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  Rail durability
  Posted by: CEWilson on Jan-31-13 8:58 AM (EST)

-- Last Updated: Jan-31-13 11:15 AM EST --

The perfect rail for durability would be a stainless steel and spherical. Everything else is on a durability continuum which is just one rail system characteristic. One piece aluminum extrusions do not capture the laminate nearly as integral synthetics. Aluminum rails also tend to flatten shear and create hog in canoes.

I have seen synthetic rail boats that have exited roof racks at road speed without damage to the rail system; end over end flips that have bent aluminum rails beyond utility or repair and shattered wood systems.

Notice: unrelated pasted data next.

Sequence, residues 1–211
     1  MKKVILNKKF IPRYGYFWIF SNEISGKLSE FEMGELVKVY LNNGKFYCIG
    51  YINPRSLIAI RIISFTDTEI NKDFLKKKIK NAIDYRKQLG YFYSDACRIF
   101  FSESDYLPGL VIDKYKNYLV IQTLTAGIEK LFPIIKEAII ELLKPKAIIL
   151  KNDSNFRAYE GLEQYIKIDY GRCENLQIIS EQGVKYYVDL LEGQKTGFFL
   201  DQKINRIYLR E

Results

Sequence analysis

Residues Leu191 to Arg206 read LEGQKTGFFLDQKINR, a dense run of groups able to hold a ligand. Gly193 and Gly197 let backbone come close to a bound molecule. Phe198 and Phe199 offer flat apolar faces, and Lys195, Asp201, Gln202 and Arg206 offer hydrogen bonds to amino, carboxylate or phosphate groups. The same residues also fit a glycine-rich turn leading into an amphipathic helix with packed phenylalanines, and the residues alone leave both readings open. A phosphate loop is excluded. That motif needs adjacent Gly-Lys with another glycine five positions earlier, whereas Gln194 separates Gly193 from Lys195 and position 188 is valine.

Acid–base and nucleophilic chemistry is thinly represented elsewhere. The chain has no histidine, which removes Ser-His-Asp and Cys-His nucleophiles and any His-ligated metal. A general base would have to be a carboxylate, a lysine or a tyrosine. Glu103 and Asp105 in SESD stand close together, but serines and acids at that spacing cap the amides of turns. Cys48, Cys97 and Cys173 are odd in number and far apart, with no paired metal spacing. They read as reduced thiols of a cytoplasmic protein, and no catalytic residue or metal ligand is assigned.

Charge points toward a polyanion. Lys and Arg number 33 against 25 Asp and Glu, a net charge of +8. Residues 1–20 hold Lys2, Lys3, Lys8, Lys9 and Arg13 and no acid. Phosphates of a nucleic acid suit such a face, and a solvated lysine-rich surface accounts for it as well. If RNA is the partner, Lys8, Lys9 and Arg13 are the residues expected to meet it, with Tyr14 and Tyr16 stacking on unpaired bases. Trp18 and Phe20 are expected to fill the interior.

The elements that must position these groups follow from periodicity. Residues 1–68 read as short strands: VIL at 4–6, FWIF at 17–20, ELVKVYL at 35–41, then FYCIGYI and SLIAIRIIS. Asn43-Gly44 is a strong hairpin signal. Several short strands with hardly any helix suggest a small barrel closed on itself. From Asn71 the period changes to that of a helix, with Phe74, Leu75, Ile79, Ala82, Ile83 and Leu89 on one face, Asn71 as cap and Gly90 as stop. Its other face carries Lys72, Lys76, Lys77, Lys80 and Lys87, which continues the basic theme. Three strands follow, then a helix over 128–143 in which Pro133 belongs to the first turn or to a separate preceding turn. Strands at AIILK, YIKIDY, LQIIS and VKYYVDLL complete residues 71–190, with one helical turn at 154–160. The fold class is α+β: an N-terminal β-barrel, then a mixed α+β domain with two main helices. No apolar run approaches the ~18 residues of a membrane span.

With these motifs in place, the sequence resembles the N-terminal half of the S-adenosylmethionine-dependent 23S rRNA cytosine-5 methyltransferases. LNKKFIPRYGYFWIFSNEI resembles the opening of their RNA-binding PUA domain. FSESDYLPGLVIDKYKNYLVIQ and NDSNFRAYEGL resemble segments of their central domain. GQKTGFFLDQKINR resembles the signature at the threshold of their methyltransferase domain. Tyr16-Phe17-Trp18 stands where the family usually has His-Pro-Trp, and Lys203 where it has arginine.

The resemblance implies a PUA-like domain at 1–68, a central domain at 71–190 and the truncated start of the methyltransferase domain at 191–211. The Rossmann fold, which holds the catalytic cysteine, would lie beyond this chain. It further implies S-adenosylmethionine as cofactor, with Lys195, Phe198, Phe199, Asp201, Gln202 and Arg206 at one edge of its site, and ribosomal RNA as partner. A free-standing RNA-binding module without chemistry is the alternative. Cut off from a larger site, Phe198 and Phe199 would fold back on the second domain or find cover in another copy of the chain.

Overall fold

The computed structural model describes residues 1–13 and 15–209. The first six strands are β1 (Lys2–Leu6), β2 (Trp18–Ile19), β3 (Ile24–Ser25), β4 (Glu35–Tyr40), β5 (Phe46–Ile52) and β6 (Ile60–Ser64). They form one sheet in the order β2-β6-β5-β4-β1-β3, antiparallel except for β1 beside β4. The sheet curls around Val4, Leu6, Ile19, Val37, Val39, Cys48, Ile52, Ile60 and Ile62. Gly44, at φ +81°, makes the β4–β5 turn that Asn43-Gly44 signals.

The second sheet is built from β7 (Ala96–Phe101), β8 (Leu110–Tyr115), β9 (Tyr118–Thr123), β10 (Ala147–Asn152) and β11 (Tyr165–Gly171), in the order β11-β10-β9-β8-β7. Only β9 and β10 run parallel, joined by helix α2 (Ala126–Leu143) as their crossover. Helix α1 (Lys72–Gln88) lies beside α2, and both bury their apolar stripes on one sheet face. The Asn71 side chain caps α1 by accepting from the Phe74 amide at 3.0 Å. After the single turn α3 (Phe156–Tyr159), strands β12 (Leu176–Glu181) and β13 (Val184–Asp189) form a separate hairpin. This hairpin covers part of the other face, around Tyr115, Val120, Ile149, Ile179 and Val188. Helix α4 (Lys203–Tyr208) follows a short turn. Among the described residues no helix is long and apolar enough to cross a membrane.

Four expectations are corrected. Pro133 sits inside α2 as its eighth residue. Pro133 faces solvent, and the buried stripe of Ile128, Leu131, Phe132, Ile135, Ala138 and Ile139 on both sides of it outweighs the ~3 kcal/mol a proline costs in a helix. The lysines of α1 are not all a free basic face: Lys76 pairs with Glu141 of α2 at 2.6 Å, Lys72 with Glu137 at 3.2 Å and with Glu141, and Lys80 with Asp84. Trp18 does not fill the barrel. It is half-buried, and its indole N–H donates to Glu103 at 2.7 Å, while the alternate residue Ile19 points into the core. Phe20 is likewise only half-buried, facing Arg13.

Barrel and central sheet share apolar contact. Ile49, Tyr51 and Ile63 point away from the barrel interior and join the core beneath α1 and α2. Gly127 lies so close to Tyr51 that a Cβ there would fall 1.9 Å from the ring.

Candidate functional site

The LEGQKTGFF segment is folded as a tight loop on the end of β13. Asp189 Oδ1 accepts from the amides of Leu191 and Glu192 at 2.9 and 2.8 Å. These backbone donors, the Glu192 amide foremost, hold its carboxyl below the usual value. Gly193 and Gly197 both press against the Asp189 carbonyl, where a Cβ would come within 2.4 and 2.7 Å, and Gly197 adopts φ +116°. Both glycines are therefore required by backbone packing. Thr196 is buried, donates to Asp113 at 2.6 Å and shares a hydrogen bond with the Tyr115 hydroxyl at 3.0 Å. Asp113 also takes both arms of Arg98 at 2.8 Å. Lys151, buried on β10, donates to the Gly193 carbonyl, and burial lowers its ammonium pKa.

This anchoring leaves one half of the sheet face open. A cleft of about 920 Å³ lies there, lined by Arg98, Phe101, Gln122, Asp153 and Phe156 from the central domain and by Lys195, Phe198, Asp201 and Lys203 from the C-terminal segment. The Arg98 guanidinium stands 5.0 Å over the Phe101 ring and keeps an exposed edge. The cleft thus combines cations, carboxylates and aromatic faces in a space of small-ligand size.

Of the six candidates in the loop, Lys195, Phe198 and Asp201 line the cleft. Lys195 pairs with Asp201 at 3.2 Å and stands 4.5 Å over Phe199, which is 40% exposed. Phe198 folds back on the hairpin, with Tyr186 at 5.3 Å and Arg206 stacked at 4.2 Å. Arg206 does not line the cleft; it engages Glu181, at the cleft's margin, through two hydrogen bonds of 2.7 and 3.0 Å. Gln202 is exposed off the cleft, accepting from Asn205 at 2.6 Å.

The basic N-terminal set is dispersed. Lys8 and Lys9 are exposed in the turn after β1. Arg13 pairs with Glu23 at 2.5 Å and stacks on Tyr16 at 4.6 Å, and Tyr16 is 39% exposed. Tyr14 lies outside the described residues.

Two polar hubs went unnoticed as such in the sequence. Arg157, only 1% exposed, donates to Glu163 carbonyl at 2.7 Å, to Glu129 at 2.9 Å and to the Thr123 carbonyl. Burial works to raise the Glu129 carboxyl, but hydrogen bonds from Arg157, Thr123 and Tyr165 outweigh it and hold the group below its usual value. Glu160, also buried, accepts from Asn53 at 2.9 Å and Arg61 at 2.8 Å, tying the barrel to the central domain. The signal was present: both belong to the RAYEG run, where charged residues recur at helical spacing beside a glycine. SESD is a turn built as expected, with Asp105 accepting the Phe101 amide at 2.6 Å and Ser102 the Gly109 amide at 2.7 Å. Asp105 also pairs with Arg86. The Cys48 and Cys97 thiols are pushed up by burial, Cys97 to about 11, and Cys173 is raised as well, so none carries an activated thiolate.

There is variation in synthetic rails. A local builder came up with a rain gutter system compatible with hand lamination; ingenious in concept it was built too lightly in it's first iteration. They got it right pretty quickly.

Savage and Crozier install synthetic rails after the hull is infused. Colden, Placid and Swift infuse their symthetic rail systems with the hull. The weight savings are pretty heroic, roughly 15% of total hull weight.

A useful analogy might be fishing nets. Cabela's lists aluminum framed nets from $60-$170, mostly $70+/-. WalMart must under cut that range. Nomad makes smaller trout oriented nets with infused frames; lighter and elegant, running $115-$230. We get to make our own choices.

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